This is Just to Say

This is just to say

I have eaten
the plums
that were in
the icebox

and which
you were probably
saving
for breakfast

Forgive me
they were delicious
so sweet
and so cold

I’ve always loved this poem, but I may never have fully appreciated it until living with a man full-time. Williams Carlos Williams was a doctor and poet, but he was also a food stealer!

This is a playful poem but jokes aside, this poem is also about the sharing and sacrifice that comes with a relationship and living with another person. He has eaten her plums, which he knows she was saving, yet he just couldn’t help himself, “they were so delicious.”

The individual’s wants won out over his partner’s. When I finish this poem, I feel several different ways:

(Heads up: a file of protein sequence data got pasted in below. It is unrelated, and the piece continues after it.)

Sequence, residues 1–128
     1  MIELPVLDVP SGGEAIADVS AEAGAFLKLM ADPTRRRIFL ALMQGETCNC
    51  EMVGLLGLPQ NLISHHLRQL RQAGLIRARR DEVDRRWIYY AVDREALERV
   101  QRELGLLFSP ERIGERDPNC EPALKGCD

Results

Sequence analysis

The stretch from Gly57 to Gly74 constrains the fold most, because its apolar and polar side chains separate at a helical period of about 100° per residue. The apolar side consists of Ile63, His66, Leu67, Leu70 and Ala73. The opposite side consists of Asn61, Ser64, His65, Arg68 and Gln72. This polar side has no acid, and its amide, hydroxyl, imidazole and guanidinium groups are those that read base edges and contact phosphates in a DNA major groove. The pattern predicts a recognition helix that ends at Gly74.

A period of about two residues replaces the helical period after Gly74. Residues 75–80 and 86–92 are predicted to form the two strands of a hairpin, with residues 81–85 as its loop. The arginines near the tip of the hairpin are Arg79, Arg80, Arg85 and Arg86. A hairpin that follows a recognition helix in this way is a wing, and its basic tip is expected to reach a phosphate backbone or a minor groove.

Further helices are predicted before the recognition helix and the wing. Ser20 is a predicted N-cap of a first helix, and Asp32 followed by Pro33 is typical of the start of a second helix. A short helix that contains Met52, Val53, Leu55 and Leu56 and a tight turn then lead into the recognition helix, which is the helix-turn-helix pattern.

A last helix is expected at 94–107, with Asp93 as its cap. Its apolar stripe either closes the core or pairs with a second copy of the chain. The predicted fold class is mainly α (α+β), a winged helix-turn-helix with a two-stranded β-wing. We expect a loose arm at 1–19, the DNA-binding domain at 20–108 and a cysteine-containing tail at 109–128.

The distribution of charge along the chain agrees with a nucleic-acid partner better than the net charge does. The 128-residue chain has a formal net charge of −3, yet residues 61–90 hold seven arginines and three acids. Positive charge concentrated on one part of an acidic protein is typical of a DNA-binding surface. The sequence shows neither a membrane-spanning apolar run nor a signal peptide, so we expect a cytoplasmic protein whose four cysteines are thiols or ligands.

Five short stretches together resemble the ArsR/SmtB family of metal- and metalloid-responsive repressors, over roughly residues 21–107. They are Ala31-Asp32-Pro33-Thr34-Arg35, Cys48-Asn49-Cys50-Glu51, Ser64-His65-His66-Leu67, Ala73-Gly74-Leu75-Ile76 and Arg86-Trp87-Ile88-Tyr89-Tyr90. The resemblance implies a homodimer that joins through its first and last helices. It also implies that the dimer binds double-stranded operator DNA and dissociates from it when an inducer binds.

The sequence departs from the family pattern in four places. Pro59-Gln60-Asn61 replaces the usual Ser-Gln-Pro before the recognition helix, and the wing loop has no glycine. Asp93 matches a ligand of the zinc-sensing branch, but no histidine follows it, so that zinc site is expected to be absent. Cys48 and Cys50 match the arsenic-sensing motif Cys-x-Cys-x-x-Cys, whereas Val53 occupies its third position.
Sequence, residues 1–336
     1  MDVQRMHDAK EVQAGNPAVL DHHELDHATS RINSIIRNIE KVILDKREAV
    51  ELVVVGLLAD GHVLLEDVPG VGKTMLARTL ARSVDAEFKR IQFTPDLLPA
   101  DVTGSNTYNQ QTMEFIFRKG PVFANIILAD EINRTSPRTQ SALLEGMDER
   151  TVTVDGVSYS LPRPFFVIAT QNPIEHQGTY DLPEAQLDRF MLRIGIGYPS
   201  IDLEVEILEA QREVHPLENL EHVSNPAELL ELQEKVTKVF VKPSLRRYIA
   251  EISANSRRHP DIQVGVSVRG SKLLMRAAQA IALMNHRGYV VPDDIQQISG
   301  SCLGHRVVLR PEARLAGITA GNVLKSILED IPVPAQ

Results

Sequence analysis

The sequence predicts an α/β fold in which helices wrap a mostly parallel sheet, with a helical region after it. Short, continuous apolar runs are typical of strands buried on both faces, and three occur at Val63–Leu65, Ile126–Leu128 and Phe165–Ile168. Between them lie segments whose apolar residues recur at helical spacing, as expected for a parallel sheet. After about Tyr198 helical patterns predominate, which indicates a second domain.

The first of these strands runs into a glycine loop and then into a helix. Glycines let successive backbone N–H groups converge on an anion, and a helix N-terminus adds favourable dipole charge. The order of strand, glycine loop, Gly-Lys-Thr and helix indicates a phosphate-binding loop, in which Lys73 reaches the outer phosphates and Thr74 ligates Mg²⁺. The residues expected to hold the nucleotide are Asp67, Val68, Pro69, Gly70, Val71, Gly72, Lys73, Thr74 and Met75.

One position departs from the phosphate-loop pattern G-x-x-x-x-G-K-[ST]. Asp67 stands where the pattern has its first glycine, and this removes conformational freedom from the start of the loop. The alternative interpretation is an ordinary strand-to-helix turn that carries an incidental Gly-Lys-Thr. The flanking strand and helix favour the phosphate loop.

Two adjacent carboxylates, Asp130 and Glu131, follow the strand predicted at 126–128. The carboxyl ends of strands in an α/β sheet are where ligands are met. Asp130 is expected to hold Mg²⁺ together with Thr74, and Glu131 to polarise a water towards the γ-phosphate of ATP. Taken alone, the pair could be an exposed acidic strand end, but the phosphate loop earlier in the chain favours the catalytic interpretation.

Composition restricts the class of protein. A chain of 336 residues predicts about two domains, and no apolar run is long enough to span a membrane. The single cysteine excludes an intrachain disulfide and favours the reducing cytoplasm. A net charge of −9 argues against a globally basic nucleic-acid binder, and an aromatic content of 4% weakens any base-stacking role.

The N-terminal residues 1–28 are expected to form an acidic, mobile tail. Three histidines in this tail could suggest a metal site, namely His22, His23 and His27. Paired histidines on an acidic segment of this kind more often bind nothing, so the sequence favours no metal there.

1. I can’t believe he ate her plums. How selfish!

2. Those plums were so tempting. Wouldn’t I have done the same thing too?

3. They are plums; she can buy more of them.  She’ll be happy he enjoyed them in the moment.

It’s amazing how we can also feel this range of emotions with the ones we love when they “borrow” from us. It could be our special breakfast bar or Fage yogurt, clothes with your sisters, or extra time on a project for a friend. I have two contradictory feelings of “here, have it” and “no, you can’t take that.”

We are always fighting or balancing between grasping and giving. Giving is great, but you can also lose yourself in it. Grasping is desperate and full of fear.

I think he can have the plums, but would you mind replacing them, William?

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